She pulled out the drawer, allowing the sweet aroma of the dust pins to reach her nose. The metal, the dried glue, the clay, the lamination, ink, paper, all sorts of pins stuffed into the top drawer of her dresser, towering almost six feet in height, including the mirror, of course.
Tabitha, for that was her name, needed a stool to reach her beloved pins, which added that little extra flair to her outfits each day. Sometimes they were pinned to her favorite army jacket, other times on her jeans, sometimes on sweaters, shirts, sometimes even snow pants, those pins of course, had to be winter themed. When the pins could no longer fit in the drawer, Tabitha took her favorite ones out and lovingly attached them to her rucksack, sewing them on from the inside so that they wouldn’t be doomed to fall off.
She had made the rucksack, along with most of her blankets and quilts, certain t-shirts and skirts. She loved creating patchwork jeans and bags, threading together old rugs was her favorite; and since her vast, high-ceilinged apartment had become so mismatched, it all looked perfect. Pot holders, tea cozies, napkins, and place-mats, none matching but all looking perfect with her Fiestaware and le Creuset pots and pans. Her utensils had clay handles which she had crafted onto them, none of the glazed handles matching another.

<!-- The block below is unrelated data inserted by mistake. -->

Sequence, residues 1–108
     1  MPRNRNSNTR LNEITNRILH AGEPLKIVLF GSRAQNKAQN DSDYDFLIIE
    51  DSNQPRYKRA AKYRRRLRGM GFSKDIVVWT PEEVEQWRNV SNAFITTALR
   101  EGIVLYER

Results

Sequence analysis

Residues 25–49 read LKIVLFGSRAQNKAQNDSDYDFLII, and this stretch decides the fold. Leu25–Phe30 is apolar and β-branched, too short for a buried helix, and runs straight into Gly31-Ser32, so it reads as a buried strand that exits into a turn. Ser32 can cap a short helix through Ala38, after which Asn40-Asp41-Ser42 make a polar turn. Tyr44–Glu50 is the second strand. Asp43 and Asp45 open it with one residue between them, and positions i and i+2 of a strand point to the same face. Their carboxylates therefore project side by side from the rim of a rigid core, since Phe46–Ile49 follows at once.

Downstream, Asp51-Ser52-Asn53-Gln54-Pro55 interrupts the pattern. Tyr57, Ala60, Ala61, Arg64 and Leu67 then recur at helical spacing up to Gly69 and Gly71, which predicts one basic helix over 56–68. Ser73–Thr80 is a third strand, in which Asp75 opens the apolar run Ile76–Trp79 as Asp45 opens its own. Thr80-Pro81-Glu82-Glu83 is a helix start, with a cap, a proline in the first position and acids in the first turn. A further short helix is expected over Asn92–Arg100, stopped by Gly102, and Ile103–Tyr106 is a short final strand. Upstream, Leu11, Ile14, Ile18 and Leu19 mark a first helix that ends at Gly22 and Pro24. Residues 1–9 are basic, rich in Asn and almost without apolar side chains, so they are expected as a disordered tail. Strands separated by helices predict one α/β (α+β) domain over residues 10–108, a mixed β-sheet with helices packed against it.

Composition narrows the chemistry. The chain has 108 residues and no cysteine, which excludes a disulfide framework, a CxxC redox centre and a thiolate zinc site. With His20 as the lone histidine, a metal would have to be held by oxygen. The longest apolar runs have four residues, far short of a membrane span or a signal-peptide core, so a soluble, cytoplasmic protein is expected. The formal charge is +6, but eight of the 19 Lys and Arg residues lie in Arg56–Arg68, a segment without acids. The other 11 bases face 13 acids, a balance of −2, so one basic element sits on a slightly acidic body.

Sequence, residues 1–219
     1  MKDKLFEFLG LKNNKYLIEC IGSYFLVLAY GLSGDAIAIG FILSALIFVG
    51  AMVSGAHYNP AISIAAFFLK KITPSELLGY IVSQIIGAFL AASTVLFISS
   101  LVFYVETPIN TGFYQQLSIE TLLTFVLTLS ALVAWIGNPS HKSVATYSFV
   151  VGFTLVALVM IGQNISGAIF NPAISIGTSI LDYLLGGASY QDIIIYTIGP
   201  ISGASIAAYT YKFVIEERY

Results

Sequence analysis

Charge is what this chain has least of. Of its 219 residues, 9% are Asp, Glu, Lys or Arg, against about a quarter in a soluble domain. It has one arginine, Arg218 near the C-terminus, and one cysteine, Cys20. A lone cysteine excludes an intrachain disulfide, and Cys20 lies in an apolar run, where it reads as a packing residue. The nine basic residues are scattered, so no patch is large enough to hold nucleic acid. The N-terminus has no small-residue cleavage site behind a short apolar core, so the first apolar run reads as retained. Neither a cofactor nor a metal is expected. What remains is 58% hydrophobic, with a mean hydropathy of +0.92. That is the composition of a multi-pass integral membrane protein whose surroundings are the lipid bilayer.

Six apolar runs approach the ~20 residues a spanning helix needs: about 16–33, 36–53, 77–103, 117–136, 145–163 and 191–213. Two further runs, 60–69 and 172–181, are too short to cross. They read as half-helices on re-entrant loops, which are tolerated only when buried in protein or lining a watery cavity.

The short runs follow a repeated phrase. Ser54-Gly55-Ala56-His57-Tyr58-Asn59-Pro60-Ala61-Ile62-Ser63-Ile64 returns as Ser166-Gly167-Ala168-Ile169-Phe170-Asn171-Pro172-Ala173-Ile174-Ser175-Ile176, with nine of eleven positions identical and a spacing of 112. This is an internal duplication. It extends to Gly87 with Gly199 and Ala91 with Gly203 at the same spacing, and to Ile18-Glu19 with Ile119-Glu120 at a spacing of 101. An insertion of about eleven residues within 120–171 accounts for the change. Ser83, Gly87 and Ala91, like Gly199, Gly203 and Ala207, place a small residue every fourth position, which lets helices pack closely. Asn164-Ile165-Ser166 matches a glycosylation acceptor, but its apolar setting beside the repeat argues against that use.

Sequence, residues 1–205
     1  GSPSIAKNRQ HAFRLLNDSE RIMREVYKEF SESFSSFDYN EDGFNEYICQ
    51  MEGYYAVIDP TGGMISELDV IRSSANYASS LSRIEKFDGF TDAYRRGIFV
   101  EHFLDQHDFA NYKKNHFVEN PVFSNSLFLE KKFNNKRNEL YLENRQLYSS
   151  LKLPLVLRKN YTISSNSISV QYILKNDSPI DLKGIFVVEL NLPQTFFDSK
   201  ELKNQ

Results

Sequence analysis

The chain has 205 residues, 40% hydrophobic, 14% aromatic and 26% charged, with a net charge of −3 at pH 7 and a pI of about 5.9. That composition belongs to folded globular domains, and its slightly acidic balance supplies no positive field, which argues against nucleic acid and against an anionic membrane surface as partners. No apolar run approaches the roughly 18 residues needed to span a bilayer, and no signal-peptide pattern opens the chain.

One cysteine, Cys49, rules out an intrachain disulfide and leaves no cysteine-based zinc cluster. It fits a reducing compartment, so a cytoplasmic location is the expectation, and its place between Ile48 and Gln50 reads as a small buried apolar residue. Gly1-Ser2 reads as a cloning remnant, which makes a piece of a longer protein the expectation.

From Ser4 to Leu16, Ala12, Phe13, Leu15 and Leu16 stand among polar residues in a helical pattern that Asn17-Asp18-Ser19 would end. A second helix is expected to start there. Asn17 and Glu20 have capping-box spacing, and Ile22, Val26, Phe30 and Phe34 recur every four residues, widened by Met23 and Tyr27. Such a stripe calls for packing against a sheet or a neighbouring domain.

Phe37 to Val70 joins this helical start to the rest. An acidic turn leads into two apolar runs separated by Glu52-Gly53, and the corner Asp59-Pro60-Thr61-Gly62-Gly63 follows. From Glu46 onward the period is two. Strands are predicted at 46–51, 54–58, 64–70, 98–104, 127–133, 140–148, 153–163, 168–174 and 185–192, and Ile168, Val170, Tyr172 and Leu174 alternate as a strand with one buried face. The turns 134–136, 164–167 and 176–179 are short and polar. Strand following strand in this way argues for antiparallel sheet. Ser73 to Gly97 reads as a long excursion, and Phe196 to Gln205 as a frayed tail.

She loved taking the broken bits and putting them together, forming something new and unique, never to be made again. Pins hold things together, they can be the decorative bridges between two pieces of fabric, though generally, they aren’t. Generally, they are put onto one article of clothing and are isolated for however long they stay pinned there. Tabitha hated that, and always had her pins at least attaching the collar to the body of her jacket, keeping a pocket closed, or pinning the edges of fabric together.
Nobody else in her college did this, but Tabitha preferred to be this way, unique; like her rugs, clothes, blankets, pots, pans, utensils, plates, and everything else she owned. Though she stood out, Tabitha liked to think of herself as a patchwork doll, in a patchwork home, making patchwork things, everything held together by the pins in the top drawer of her dresser, waiting patiently to be worn proudly someday soon.

Moira Barbier, Age 13, Grade 8, MS 51 William Alexander, Silver Key

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